Note from Shonna: A few weeks ago I wrote about the book Get Known Before the Book Deal and how already at Chapter One it had given me lots to think about. Well, I couldn’t help myself but contact the author, Christina Katz, to find out more. Read the interview below, then go ahead and post a question. She’ll be with us for the next 24 hours. Let’s see how much we can learn from her.
An Interview with Christina Katz
Author of Get Known Before the Book Deal, Use Your Personal Strengths to Grow an Author Platform & Writer Mama, How to Raise a Writing Career Alongside Your Kids
Q: What is a platform?
CK: Long story short: Your platform communicates your expertise to others, and it works all the time so you don’t have to. Your platform includes your Web presence, any public speaking you do, the classes you teach, the media contacts you’ve established, the articles you’ve published, and any other means you currently have for making your name and your future books known to a viable readership. If others already recognize your expertise on a given topic or for a specific audience or both, then that is your platform.
A platform-strong writer is a writer with influence. Get Known explains in plain English, without buzzwords, how any writer can stand out from the crowd of other writers and get the book deal. The book clears an easy-to-follow path through a formerly confusing forest of ideas so any writer can do the necessary platform development they need to do.
Q: Why is platform development important for writers today?
CK: Learning about and working on a solid platform plan gives writers an edge. Agents and editors have known this for years and have been looking for platform-strong writers and getting them book deals. But from the writer’s point-of-view, there has not been enough information on platform development to help unprepared writers put their best platform forward.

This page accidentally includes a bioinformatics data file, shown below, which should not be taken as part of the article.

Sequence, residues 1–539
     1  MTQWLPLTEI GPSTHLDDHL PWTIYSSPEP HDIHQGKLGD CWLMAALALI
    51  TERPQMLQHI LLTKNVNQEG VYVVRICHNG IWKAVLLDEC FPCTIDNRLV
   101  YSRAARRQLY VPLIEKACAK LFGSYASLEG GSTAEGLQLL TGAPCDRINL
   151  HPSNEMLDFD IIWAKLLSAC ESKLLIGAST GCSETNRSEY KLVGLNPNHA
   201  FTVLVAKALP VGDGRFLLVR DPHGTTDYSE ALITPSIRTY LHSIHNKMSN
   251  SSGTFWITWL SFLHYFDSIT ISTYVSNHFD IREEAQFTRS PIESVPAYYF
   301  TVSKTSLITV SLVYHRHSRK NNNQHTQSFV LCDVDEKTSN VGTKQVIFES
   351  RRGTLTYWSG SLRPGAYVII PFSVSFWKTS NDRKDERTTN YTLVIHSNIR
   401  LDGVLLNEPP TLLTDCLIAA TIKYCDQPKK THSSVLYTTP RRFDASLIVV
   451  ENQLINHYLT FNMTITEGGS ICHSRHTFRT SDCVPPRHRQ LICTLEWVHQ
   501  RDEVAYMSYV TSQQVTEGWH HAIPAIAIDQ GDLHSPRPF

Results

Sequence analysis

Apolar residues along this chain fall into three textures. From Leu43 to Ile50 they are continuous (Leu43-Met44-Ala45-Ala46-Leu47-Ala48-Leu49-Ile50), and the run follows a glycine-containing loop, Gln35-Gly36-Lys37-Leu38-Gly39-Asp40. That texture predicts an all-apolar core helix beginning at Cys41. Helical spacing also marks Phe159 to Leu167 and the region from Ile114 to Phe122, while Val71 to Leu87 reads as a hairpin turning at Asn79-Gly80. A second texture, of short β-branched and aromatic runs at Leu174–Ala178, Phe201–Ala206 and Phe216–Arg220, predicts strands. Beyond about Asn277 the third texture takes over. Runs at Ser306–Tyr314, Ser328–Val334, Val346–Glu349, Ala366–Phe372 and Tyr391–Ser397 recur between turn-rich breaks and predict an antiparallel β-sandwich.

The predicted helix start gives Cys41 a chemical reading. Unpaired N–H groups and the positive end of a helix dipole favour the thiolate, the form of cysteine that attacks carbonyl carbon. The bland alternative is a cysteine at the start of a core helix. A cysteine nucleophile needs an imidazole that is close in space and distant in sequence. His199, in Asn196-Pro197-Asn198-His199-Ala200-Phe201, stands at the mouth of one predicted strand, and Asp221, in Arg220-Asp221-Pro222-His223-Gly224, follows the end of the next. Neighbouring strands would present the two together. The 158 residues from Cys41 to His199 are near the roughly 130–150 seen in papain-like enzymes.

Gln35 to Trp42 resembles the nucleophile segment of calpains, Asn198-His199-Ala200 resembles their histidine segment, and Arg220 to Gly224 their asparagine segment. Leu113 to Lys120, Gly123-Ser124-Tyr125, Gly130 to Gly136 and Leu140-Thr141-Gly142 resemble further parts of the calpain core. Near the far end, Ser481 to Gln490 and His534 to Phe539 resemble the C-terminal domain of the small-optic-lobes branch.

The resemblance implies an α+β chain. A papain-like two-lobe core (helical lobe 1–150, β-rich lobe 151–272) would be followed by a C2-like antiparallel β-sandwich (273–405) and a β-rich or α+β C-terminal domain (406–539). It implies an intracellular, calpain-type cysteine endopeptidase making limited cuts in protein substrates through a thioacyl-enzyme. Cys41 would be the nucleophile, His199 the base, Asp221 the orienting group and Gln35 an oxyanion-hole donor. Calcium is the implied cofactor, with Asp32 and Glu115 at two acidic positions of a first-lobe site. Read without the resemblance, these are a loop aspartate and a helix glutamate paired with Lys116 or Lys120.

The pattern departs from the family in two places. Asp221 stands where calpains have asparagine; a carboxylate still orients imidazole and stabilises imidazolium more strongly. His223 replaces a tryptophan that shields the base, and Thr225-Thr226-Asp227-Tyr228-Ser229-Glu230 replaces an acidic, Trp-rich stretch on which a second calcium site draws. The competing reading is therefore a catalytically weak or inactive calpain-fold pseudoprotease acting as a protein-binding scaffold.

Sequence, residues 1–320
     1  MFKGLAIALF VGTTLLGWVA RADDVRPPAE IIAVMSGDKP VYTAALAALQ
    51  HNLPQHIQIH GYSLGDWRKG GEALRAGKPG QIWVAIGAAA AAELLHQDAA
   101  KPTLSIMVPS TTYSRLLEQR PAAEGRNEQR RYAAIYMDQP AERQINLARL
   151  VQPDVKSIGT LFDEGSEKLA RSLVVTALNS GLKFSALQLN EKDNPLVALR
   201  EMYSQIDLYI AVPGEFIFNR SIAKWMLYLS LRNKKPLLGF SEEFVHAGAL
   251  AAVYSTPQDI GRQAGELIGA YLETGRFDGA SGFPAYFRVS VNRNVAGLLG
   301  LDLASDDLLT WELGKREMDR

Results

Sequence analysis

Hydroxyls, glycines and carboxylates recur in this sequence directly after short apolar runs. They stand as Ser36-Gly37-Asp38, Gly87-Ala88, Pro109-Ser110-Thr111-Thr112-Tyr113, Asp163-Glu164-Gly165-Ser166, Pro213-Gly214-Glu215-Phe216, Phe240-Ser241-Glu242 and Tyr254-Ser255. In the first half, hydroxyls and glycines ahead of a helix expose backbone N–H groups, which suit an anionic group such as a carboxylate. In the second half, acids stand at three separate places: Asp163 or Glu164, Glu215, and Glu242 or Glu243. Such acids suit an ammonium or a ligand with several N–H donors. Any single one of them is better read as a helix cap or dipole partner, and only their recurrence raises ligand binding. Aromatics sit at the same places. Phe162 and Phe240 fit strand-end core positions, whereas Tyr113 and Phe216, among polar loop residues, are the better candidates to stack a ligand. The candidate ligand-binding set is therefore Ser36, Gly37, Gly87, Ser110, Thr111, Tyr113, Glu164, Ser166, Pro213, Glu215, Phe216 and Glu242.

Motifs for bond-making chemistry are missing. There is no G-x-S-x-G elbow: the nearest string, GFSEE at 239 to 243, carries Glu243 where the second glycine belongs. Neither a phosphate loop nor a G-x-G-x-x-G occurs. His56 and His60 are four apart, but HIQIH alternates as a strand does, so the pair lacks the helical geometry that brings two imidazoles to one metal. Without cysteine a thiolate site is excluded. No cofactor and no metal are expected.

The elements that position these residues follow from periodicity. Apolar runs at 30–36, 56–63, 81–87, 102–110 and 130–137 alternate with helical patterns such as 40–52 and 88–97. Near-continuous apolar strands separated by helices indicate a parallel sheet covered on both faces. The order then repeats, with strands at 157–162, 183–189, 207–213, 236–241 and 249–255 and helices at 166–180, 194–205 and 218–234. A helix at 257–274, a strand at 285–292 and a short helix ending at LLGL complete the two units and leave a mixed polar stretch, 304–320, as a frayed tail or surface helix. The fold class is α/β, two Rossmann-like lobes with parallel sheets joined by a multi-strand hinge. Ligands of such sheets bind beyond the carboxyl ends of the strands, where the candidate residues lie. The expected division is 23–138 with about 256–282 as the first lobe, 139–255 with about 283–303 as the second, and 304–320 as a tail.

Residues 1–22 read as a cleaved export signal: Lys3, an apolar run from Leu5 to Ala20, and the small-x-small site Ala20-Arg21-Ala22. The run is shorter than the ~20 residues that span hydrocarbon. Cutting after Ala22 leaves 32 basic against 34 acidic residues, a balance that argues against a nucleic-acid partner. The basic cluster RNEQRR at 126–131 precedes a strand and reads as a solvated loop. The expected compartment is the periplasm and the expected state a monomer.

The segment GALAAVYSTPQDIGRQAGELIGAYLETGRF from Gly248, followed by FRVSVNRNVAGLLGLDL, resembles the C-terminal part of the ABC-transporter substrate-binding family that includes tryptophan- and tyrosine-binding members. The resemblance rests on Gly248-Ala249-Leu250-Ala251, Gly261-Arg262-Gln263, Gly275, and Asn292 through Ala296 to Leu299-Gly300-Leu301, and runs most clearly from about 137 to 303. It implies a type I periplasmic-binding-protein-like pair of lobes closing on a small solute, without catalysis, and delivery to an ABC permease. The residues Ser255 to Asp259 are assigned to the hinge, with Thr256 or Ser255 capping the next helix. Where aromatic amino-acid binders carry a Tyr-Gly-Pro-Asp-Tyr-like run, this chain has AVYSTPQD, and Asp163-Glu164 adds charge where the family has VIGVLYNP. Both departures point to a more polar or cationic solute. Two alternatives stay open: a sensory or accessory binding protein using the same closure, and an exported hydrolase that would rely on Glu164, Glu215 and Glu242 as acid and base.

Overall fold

Now suddenly, there is a flood of information on platform, not all necessarily comprehensive, useful or well organized for folks who don’t have a platform yet. Writers can promote themselves in a gradual, grounded manner without feeling like they are selling out. I do it, I teach other writers to do it, I write about it on an ongoing basis, and I encourage all writers to heed the trend. And hopefully, I communicate how in a practical, step-by-step manner that can serve any writer. Because ultimately, before you actively begin promoting yourself, platform development is an inside job requiring concentration, thoughtfulness and a consideration of personal values.
Q: How did you come to write Get Known Before the Book Deal?
CK: I already had a lot of momentum going when I got the deal for a very specific audience. I wrote a column on the topic for the Willamette Writer’s newsletter. Then I started speaking on platform. When I gave my presentation, “Get Known Before the Book Deal,” at the Writer’s Digest/BEA Writer’s Conference in May 2007, Phil Sexton, one of my publisher’s sales guys, saw it and suggested making the concept into a book. Coincidentally, I was trying to come up with an idea for my second book at that time and had just struck out with what I thought were my three best ideas. My editor, Jane Friedman agreed with Phil. That was two votes from people sitting on the pub board. They converted the others with the help of my proposal, and Get Known got the green light.